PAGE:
Star Wars canon has probably always been a controversial topic among fans. Before Disney purchased Lucasfilm, there was a tiered system to classify all of the Star Wars films, animated series, books, comics, and video games, with the films making up the highest tier. The Expanded Universe, which included stories such as Timothy Zahn’s Thrawn trilogy and The New Jedi Order series of books, may have been considered a part of a parallel universe by George Lucas, but to fans, they were considered canon.
That’s why Disney’s decision to relegate the Expanded Universe stories to Legends or non-canon status in 2014 was met with plenty of fan criticism. The announcement that a sequel trilogy of films was going into development had many fans hoping Lucasfilm would be adapting some of the post-Return of the Jedi stories that were already a part of the Expanded Universe. Instead, the sequel trilogy went a completely different direction, introducing new characters and a completely new storyline, though some concepts were clearly influenced by stories in the Expanded Universe.
The problem with an official canon has always been that it relegates some stories as more authentic than others, so if your favorite story doesn’t belong to the official continuity, it’s not as legitimate as the stories that are recognized as canon. Of course, all the stories are fiction. But in the Star Wars universe, if your favorite story isn’t canon, it didn’t actually happen; it’s a myth. You might enjoy it, but it’s not the truth about what happened.
Expanding the idea of Star Wars canon
But it seems like Disney has recently begun to realize how constricting the one main canon of Star Wars has become. While they’ve been slowly integrating elements of what has become known as Legends (formerly the Expanded Universe) into canon stories, such as Grand Admiral Thrawn in Star Wars Rebels, they’ve also begun to promote stories outside of the canon. Disney+ has a whole section of Star Wars vintage stories, which includes the 2D Clone Wars micro-series and the Ewoks movies, among others. Additionally, Del Rey has begun republishing Essential Legends novels with new covers, which has so far included the Thrawn Trilogy, the first two Darth Bane novels, Shatterpoint, and X-Wing: Rogue Squadron, with more on the way.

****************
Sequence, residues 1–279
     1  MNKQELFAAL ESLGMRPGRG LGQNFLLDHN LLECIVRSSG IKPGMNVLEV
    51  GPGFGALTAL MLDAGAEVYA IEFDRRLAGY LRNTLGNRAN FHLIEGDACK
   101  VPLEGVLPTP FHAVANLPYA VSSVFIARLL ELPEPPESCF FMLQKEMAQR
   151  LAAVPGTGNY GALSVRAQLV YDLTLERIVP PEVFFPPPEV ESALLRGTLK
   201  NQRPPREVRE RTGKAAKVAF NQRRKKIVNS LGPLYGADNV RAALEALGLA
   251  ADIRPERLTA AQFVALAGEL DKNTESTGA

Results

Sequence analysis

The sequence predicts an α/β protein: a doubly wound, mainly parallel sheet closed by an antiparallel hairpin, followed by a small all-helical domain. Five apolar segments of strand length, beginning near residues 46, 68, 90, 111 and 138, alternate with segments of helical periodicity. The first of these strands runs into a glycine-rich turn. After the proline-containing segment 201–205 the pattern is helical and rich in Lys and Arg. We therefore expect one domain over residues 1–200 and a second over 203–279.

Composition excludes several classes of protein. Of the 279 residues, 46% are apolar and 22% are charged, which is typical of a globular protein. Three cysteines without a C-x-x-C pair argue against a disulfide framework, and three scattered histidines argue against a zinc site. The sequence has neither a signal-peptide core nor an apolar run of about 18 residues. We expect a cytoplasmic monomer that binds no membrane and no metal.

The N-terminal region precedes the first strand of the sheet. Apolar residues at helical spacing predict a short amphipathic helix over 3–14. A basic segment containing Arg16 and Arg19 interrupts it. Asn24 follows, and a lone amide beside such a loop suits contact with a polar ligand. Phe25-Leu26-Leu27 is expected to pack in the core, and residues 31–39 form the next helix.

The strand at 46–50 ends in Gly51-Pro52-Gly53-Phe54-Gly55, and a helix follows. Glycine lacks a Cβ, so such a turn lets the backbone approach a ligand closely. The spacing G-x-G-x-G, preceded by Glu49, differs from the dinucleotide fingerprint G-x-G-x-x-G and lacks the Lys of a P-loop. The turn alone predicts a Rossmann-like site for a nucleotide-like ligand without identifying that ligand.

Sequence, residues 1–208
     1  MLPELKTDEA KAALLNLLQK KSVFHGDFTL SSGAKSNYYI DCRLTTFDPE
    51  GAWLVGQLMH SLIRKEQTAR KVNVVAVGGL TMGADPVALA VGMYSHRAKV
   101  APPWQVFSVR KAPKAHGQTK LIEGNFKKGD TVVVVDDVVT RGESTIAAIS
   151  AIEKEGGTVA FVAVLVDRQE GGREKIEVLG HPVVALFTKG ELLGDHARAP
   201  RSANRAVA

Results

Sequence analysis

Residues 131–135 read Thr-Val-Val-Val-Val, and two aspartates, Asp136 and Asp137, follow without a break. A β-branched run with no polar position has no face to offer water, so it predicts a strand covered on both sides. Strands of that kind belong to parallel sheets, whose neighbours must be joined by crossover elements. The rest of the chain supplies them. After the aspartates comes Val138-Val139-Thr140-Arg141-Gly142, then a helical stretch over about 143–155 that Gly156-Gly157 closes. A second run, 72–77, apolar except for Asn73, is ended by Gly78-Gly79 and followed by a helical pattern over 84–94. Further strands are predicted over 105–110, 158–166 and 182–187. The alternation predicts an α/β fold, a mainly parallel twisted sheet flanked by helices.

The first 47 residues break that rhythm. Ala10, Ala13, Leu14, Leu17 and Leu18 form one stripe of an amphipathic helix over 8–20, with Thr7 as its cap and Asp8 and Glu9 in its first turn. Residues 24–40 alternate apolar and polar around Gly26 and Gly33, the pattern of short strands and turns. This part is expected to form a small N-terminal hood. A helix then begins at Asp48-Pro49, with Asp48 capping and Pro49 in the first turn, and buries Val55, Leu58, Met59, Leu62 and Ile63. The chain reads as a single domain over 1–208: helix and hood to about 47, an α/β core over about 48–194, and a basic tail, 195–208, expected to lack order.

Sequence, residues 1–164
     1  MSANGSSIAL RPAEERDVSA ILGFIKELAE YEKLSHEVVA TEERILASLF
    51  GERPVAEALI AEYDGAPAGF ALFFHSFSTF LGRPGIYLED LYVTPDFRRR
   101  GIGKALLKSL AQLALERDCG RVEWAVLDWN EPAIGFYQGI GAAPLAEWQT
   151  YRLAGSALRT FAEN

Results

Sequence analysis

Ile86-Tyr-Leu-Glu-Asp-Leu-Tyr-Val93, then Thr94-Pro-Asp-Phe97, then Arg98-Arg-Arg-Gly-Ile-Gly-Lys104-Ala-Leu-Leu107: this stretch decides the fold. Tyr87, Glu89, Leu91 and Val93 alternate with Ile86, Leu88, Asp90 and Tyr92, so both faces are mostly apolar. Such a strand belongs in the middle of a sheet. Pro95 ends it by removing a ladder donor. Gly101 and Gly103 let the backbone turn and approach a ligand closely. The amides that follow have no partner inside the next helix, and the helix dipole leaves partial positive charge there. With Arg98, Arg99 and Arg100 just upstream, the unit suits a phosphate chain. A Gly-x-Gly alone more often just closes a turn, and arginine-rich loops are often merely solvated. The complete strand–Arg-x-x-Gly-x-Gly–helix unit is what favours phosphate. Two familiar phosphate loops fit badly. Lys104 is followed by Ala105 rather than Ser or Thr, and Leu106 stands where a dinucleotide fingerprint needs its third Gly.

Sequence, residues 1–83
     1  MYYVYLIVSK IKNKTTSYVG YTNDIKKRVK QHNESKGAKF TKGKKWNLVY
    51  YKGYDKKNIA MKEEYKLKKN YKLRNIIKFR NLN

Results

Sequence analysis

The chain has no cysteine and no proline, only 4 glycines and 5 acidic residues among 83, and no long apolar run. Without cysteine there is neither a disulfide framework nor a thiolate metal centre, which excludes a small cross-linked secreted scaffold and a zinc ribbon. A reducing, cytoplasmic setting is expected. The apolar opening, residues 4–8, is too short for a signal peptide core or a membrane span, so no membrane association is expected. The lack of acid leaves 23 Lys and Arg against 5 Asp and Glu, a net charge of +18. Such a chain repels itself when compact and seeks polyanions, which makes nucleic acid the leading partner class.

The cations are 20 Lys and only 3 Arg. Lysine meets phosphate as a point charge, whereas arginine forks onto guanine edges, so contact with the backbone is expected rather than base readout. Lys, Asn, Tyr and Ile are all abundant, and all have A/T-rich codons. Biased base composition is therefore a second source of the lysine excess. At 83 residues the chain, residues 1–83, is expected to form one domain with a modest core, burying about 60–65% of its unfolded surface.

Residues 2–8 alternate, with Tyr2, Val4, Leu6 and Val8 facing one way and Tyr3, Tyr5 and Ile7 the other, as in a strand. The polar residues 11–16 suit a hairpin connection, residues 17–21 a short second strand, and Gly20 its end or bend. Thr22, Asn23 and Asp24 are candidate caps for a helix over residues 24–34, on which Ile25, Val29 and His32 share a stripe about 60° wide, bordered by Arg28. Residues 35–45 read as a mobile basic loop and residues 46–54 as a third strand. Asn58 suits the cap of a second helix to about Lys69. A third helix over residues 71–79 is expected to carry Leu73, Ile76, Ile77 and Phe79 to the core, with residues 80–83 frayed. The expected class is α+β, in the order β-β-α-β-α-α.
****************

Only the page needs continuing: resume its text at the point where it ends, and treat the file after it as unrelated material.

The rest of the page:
But the most revealing sign that Disney is beginning to embrace Star Wars stories outside of the official continuity is the release of Star Wars: Visions. The series of anime shorts by seven of the most cutting-edge Japanese anime studios explores nine unique stories within the Star Wars universe. Described as a reimagining through the lens of the Japanese culture traditionally reflected in anime stories, the Disney+ series tells stories from various points in the Star Wars timeline, including post-The Rise of Skywalker. But what becomes clear is that the stories aren’t a part of the official canon. Visions producer Kanako Shirasaki even said as much when asked if the stories fit into the overall canon. “Not immediately,” he said, “but it might influence the next generation of creators.”
The authenticity of Star Wars storytelling in Visions
Canon or not, Visions is one of the most innovative approaches to come along in the Star Wars universe, and some of its stories are being touted by some fans as more in line with George Lucas’s vision than the sequel trilogy. “The Ninth Jedi,” for example, tells a story that takes place long after The Rise of Skywalker when the galaxy is in desperate need of a restoration of the Jedi Order. It’s an exciting story of one young woman named Kara’s discovery of her connection to the Force after her father fashions several unique lightsabers, which had previously been lost to history. It’s a story begging for a continuation.
“The Duel,” the first anime short in the series, actually did inspire a continuation in the Star Wars novel Ronin by Emma Mieko Candon. The story continues the Japanese storytelling feel of “The Duel” and tells the story of a nameless former Sith with a uniquely damaged lightsaber, traveling the galaxy in search of redemption for his dark side past. The novel, like Visions, isn’t a part of the canon, but it’s a riveting novel that goes head-to-head with any of the official canon novels.
The future of non-canon Star Wars stories
Since Disney and Lucasfilm are promoting Visions and Ronin so heavily, as well as teasing future episodes of Visions, it seems clear that Disney’s discomfort with letting non-canon stories run alongside the official continuity is beginning to fade. If that is the case, perhaps Disney will begin to explore more stories outside of the canon, which could possibly recover some longtime Star Wars fans who didn’t appreciate the sequel trilogy.
Similar to Marvel’s What If…? series, Disney could tell stories that continue the original trilogy in an alternate universe type of story that differs greatly from the sequel trilogy. What if Luke did restore the Jedi Order as he was expected to do after Return of the Jedi? A non-canon story, perhaps an anime series, could explore that, and there would be no reason to suggest it’s less authentic because it’s not part of the official canon.
Visions seems like a watershed moment in Disney’s approach to the Star Wars franchise. Consciously telling stories that don’t belong to the canon suggests the possibility of continuing the practice in the future. And if that’s the case, to contrast a common Star Wars phrase that was included in every Visions episode, I have a good feeling about this.
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